Septic shock is a physiological derangement of the cardiovascular system characterized by pathological vasodilation. Recent studies have established a role for nitric oxide, previously known as endothelium-derived relaxing factor, in the vascular dysfunction of sepsis. This finding suggests that inhibition of nitric oxide synthase (NOS), the enzyme responsible for nitric oxide production, could be a target for therapeutic intervention. Animal studies have provided conflicting results, demonstrating both beneficial and detrimental effects. We provide here an overview of the preclinical studies of NOS inhibitors and an update of the clinical studies. The low toxicity and marked antihypotensive activity of NOS inhibitors in humans highlight some of the drawbacks of certain animal models and provide important insights into the experimental study of septic shock.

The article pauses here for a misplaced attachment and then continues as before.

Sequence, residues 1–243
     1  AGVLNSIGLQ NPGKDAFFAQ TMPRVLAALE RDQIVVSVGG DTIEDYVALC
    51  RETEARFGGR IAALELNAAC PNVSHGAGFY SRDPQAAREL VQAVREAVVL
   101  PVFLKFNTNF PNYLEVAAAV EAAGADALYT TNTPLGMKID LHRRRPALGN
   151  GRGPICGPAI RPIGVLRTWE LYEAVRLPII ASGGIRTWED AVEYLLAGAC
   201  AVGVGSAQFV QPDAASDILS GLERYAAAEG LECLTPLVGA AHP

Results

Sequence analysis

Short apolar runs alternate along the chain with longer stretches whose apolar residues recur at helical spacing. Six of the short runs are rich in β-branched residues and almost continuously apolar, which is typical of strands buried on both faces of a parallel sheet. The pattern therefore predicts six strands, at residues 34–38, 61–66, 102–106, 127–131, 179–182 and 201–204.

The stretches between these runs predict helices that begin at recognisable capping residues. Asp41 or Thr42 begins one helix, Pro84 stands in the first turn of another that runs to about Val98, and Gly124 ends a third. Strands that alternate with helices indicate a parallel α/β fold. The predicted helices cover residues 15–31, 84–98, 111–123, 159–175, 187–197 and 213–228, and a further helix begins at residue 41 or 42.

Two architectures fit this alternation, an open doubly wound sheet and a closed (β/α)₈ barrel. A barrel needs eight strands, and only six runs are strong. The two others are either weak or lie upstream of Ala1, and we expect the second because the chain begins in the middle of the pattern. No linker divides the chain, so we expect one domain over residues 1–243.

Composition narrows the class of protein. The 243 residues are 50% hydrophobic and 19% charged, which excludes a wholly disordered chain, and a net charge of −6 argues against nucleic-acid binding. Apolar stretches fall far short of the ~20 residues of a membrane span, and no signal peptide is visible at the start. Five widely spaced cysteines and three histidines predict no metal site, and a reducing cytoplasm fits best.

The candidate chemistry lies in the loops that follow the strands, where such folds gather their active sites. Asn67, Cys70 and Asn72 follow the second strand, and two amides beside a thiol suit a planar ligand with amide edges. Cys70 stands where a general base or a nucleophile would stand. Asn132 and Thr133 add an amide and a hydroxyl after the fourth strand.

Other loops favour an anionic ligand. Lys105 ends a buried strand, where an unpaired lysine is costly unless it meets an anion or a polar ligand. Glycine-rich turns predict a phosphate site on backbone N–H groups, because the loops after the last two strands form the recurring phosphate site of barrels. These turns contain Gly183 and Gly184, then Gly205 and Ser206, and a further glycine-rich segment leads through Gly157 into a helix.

ASJC Scopus subject areas
- Emergency Medicine
- Critical Care and Intensive Care Medicine